D.C, at the U.S. State Department, First Lady Michelle Obama and Secretary
of State Hillary Rodham Clinton present the 2012 International Women
of Courage Award to Shad Begum of Pakistan, for providing education
opportunities, political training, and microcredit to Pakistani women,
on the 101st Anniversary of International Women's Day.
March 8 marks the Anniversary of International Women's Day, and we here
at FlyingTypers would like to take a moment to recognize and appreciate
the achievements of women, in both air cargo and the world at large.
We invite our global readers to click
the pictures here and read all about the extraordinary group of women
at work today that are building our industry to new heights.
But first, a bit about this very special
International Women's Day began nationally
in the United States in February 1909, following a march of 15,000 women
in New York City for better pay, voting rights and shorter working hours.
The day was adopted internationally when Clara Zetkin, leader of the
"Women's Office" for the Social Democratic Party in Germany,
proposed that there should be a Women's Day every year, in every nation—a
day in which women's rights and demands could be unified and put forth
on an international level.
In March 1911, a million participants
in Switzerland, Austria, Denmark, and Germany marched for IWD. The day
was marked as a day to recognize and promote equal rights and women's
suffrage. International Women's Day has
only grown larger since then, spreading as an official holiday in Afghanistan,
Armenia, Azerbaijan, Belarus, Burkina Faso, Cambodia, China, Cube, Georgia,
Guinea-Bissay, Eritrea, Kazakhstan, Kyrgyzstan, Laos, Madagascar, Moldova,
Mongolia, Montenegro, Nepal, Russia, Tajikistan, Turkmenistan, Uganda,
Ukraine, Uzbekistan, Vietnam, and Zambia. While other countries may
not have adopted the day as an official holiday, it is nonetheless recognized
as a special day across the world.
Over the past few years, IWD has been
'themed,' with 2010 shining a light on displaced women and 2011 marking
the 100th Anniversary of the day with celebrations in over 100 countries.
The 2012 theme for IWD is "Empower
Women – End Hunger and Poverty." Oxfam America is inviting
people to celebrate inspiring women in their lives by sending a free
International Women’s Day e-Card—you can also host an event
to honor a woman in your community who is making a difference. (http://actfast.oxfamamerica.org/index.php/issues/women)
all over the world…Flowers are sent to female highway maintenance
workers as the world celebrates International Women's Day in Maanshan,
Anhui, China, on Thursday, March 8, 2012.
Turkey has honored IWD by passing a number
of laws today that protect women and children from abuse. Prime Minister
Recep Tayyip Erdogan (left) said, "We will provide legal and financial
assistance and shelters to the victims.” The laws passed will
increase penalties against abusers, allow police to intervene sooner
in cases, and force abusers to wear electronic monitoring devices. These
laws come on the heels of the death of a Turkish mother, who was killed
by her husband for leaving the house after an argument. In response,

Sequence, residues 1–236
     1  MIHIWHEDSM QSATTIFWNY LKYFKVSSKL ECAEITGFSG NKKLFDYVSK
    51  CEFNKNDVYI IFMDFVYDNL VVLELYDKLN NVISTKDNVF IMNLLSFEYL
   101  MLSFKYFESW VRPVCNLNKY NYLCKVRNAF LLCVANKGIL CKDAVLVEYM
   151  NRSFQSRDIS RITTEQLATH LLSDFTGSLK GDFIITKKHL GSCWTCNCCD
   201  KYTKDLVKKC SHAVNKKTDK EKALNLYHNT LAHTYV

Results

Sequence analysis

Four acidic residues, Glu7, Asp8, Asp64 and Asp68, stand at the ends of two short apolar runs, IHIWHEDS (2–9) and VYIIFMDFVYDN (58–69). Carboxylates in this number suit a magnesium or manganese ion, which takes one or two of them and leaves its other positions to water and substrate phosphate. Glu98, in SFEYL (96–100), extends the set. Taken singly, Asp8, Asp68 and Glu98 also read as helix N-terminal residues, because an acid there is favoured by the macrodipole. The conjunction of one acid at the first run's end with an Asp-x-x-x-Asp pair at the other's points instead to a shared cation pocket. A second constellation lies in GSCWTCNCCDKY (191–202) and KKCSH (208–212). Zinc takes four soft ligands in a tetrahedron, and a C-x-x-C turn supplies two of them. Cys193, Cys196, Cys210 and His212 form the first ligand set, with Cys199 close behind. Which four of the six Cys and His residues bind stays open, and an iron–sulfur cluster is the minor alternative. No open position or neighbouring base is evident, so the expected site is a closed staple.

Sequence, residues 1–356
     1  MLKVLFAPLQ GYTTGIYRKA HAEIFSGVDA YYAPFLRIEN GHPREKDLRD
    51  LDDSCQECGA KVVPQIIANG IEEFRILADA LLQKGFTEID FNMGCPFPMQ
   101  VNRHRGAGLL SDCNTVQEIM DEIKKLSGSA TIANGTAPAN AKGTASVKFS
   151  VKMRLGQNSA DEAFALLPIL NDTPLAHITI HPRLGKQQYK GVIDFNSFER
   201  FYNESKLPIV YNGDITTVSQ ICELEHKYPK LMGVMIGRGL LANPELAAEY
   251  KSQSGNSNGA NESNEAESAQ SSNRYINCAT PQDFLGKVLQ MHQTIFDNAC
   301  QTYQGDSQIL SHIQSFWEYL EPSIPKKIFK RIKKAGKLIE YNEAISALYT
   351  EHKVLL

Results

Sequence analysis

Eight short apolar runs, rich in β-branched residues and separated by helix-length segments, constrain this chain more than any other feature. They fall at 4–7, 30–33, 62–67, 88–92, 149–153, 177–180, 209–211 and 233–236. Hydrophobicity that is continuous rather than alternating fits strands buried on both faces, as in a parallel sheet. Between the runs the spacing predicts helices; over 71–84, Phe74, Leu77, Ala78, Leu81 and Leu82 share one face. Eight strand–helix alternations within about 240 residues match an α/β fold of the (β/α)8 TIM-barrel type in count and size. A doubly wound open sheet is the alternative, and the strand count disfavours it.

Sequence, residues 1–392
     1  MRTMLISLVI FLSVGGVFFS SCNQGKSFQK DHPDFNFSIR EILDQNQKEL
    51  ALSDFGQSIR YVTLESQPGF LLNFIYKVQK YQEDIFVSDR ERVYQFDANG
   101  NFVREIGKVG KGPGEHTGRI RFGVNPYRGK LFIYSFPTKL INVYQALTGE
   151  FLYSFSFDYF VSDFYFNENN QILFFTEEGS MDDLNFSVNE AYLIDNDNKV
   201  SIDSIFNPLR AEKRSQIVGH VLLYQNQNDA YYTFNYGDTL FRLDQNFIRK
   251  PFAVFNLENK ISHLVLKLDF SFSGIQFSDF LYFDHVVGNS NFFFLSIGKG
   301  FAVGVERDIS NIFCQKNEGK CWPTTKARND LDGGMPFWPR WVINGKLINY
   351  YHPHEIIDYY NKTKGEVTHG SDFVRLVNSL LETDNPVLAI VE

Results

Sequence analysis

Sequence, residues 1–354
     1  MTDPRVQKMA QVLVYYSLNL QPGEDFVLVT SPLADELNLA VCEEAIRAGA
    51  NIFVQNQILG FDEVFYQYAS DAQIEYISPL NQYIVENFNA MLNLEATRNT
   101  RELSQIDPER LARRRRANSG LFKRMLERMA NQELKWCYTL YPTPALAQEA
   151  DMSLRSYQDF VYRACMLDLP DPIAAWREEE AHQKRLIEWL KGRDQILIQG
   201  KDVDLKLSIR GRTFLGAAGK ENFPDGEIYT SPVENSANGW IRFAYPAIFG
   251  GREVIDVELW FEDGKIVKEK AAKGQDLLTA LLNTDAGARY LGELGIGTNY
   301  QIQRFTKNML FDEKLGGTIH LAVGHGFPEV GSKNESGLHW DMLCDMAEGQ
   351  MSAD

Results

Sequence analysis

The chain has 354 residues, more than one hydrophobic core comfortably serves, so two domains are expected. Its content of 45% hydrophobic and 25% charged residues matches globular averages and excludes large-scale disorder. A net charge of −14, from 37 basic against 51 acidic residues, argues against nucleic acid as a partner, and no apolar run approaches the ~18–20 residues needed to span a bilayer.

four Ukrainian women activists staged a topless demonstration to protest
domestic violence against women in Turkey. Inna Shevjenko, a member
of Femen, the women's group, said, "The message for Turkish women
who are celebrating Women’s Day is not to wait until your husband
brings flowers or chocolates. Just remember about your rights. Go out
on the street and fight for that. This is the message.”
While I wish I could say that everything
has changed in the hundred years since the day’s inception, in
many cases, we see that it has not. In America, International Women's
Day this year was preceded by verbal attacks on women's reproductive
rights and on individual women like Sandra Fluke, coming from the conservative
At FlyingTypers, we routinely
receive comments regarding our use of the term "Women on Top"
for our series that celebrates women in air cargo—mostly accusations
regarding the double entendre some readers choose to see. I've always
found it interesting that readers should choose to interpret "Women
on Top" to mean something dirty, unseemly, and overtly sexual,
when our use of it is only meant to convey that women are, in fact,
on top in areas of air cargo. To me, it speaks more about the audience
then it does about us, and if I had to point any fingers, I would point
them squarely at our society, at the way we raise our children, and
at the scripts we write regarding gender roles and sexuality. Turn on
the TV to any channel in America, and you will find commercials cleanly
divided along gender lines—women using cleaning products, cooking
food products, parenting with baby products, or using products to enhance
their physiques; men drive automobiles, work on the house/lawn, or drink
alcoholic products. Women in advertising are reduced to food (such as
the sexualized female M&M), inanimate objects (such as cars, like
in the recent controversial Fiat commercial aired during Superbowl 2012),
and sometimes, just body parts (see any GoDaddy commercial ever aired).
These stories we tell ourselves have a direct effect on how we view
one another as men and women, and so of course, a woman on top must
translate sexually because, at the end of the day, women are seen as
sexual objects and rarely more than that. The brain immediately associates
women with sex because it has been programmed to do so. How could the
term "Women on Top" mean anything else? And more importantly,
if the term were "Men on Top," would we take it the same way?
Today we celebrate the women featured
in this issue and all women in air cargo and otherwise. This International
Women's Day, we hope everyone will do their part to help empower women,
even if it means rewiring one's brain to see women as more than sexual
bodies—even if it means reimagining "Women on Top" as
women in charge.